April 5, 2016
Using Exit Tickets as an Assessment Tool
Here’s the scenario: You just completed teaching a unit of study in your subject area. You made sure that you covered all learning modalities (tactile, visual, and auditory) and differentiated your teaching to meet the needs of all the learners in your classroom.
Now it's time for your students to take an assessment to see how well they mastered the content. As you grade the assessments, you are shaking your head and are saying to yourself, "I know that I taught this — what happened?” I think we all have had moments like this and wonder what we might have been done differently in our teaching to ensure a successful outcome. At such times I remind myself that my students need to be able to reflect on their learning as well. Enter, the exit ticket.
An exit ticket is a device that students use to communicate with their teacher as to how their learning is going for them. Typically, a few minutes before the class is dismissed or at the end of the lesson, a slip of paper is handed out on which the student comments on the instruction for the lesson taught. Students are frequently asked to jot down a success and/or a struggle that they had with the day’s lesson. Some teachers prefer to have a "parking lot" poster where the students can place sticky notes with their comments and some prefer to have an actual form for students to complete. Either way, it is helpful to see how the students perceive their successes and their struggles. With this information, we can maximize our teaching and work more efficiently, especially for small group instruction. Target groups can be created using the “data” from the exit tickets.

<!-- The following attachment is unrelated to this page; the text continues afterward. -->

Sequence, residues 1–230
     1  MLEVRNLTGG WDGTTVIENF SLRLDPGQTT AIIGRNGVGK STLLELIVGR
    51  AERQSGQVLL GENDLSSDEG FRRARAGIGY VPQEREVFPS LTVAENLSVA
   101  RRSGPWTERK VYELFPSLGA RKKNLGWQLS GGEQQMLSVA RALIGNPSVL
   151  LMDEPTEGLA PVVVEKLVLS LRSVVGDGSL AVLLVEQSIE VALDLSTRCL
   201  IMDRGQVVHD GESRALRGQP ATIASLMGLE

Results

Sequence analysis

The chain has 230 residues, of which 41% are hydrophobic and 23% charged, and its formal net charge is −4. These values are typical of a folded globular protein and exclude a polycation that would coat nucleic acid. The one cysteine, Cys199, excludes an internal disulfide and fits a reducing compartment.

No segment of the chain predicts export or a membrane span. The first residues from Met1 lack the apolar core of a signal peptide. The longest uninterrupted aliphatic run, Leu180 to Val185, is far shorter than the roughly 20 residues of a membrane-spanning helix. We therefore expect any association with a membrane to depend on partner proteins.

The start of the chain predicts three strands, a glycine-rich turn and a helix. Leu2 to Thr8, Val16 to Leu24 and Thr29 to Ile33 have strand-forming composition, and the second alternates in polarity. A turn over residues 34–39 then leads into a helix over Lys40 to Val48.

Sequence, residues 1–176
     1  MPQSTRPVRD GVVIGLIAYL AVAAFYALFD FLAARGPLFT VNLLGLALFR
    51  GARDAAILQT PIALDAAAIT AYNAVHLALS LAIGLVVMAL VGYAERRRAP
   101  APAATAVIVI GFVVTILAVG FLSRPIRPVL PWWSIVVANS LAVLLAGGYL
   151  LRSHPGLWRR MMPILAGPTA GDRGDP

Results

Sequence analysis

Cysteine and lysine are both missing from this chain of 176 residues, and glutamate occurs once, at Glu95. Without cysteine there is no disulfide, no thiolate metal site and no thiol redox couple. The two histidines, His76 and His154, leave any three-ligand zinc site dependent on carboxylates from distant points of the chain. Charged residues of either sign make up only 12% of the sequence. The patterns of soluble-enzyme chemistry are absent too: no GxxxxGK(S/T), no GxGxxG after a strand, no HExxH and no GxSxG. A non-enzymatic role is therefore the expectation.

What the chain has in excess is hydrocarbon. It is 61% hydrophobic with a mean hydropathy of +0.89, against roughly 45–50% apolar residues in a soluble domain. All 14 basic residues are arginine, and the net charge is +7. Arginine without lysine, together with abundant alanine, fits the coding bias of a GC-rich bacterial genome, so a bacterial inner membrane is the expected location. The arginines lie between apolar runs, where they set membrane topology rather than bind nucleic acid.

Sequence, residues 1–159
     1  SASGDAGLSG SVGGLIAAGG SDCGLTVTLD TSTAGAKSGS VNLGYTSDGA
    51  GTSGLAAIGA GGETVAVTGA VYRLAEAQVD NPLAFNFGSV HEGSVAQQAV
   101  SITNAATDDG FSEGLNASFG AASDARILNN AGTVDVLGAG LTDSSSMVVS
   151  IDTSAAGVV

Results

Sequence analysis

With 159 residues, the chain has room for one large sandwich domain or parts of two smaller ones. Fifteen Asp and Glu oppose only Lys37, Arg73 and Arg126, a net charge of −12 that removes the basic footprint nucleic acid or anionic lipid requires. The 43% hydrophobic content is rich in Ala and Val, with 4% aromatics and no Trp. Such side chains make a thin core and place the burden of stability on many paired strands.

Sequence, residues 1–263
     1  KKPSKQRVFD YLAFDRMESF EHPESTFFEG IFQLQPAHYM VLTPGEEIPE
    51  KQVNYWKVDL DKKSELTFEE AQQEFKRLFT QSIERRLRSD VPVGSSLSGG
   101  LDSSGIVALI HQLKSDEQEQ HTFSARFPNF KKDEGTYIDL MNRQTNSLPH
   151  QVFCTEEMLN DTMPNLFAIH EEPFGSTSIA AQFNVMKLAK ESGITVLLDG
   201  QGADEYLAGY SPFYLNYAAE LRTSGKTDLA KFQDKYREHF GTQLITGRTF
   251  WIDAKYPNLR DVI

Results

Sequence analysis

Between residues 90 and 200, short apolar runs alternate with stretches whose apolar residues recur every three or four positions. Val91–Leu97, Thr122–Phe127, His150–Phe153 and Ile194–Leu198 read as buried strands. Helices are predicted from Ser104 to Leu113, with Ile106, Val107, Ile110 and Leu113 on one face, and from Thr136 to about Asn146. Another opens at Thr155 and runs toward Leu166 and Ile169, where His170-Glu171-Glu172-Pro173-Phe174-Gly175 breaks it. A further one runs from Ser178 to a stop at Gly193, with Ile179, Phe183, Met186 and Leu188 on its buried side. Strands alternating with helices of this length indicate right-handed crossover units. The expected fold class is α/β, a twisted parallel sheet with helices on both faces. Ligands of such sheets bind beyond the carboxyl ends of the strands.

Sample Exit Tickets
Exit tickets usually have one to three prompts that students respond to. Sometimes students are asked to select from a menu and sometimes they are given a specific prompt.
One thing I learned...
I have a question about...
Name one important thing you learned.
What from today's lesson will you try to apply to your learning?
What was helpful?
What was a light bulb moment?
What was a struggle to understand?
What do you think you would be able to teach to your classmates?
What was confusing